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IPv6 - Fast Facts

IPv6 is a new version of IP, designed to be a step up from IPv4. Because of the way it is designed, it will provide for many times more addresses than the current (IPv4) system, and will help ensure the future growth of the Internet.

The RIPE NCC is one of five Regional Internet Registries allocating IPv6 address space to different regions around the world. The RIPE NCC allocates address space to its service region of Europe, the Middle East and parts of Central Asia, and has already made thousands of allocations of IPv6 space in this region.

IPv6 can be installed as a normal software upgrade in Internet devices and works alongside IPv4.

The largest block of IPv6 addresses that the RIPE NCC has allocated to date was to France Telecom and Deutsche Telekom. The allocation is what is known as a /19 block, which is equivalent to 35,000 billion (35,000,000,000,000) subnets (or smaller networks) that can be assigned to customers. Each subnet alone has more individual addresses than are currently available on the entire existing (IPv4) Internet.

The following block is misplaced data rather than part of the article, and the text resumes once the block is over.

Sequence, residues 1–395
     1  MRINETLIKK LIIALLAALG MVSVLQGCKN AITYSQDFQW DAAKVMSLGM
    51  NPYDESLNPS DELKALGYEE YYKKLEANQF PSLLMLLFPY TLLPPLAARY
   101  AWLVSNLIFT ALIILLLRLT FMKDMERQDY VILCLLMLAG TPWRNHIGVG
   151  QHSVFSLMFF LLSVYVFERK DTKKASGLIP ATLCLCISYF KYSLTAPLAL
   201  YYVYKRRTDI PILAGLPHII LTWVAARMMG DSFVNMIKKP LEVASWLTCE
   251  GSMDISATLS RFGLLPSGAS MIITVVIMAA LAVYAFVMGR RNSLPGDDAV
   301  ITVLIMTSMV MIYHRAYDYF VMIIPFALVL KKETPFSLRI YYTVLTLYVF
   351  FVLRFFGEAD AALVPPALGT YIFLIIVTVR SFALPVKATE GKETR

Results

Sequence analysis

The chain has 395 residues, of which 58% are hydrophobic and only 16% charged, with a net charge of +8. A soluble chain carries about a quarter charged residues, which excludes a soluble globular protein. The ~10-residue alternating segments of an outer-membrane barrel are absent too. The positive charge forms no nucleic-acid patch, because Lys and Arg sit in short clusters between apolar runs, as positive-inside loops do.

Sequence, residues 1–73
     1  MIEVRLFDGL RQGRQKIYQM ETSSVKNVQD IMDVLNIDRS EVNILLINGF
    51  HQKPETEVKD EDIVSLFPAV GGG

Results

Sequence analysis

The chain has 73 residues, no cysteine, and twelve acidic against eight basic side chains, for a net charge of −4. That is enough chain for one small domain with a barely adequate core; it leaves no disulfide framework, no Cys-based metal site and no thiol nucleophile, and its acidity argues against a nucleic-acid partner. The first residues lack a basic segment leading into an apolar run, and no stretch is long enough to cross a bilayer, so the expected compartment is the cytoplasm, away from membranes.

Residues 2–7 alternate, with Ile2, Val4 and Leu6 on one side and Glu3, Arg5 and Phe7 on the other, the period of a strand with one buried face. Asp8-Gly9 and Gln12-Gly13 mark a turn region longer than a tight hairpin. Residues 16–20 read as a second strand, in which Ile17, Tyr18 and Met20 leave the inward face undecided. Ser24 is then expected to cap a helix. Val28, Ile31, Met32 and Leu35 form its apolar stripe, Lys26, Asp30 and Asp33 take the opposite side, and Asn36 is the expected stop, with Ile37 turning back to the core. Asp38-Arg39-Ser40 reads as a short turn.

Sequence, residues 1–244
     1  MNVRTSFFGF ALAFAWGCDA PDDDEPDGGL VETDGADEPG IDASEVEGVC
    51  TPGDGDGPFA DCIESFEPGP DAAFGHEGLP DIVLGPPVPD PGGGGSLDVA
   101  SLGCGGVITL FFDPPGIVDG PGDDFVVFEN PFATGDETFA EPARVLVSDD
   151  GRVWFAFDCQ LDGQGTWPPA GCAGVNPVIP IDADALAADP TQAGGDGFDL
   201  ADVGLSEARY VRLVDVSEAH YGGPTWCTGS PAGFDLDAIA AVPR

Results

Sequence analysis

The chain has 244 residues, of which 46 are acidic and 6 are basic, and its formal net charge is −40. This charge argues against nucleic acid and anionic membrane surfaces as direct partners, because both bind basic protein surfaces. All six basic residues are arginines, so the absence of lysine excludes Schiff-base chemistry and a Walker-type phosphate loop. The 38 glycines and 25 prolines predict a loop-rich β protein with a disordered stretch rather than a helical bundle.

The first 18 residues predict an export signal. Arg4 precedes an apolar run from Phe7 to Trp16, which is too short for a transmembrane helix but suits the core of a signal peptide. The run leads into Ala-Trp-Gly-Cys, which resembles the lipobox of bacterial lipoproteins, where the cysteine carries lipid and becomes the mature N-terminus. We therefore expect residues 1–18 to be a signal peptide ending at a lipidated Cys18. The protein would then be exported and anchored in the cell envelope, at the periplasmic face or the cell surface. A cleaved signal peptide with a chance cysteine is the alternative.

IPv6 can be considered a mobile technology. IPv6 includes support for users who ‘roam’ between different networks, with global notification when you leave one network and enter another one.

IPv6 could mean the end of dynamic IP addresses. With so many numbers available, every device could be assigned a fixed IP. This would also immediately identify a portable computer on the road, easing access to your home server for email. While this has lead to a few concerns about privacy, it could also go some way to tracking down 'spammers' or 'fraudsters' who are behind many Internet based 'scams'.

IPv6 has been adopted globally, though some of the early thrust for the technology came from Asia. For example, Japan sees IPv6 as one of the ways of helping the country use the Internet to revive its economy.

Although IPv6 appears to be superior to IPv4 in many respects, it is a common opinion that the transition from IPv4 to IPv6 will take a long time – perhaps more than a decade – and will be difficult. Many organisations have made an enormous investment in IPv4 technology and are not yet ready or willing to speed up the transition. IPv4 is a well-known and thoroughly tested technology; its reliability and widespread use represent a major slowing factor in the development of IPv6.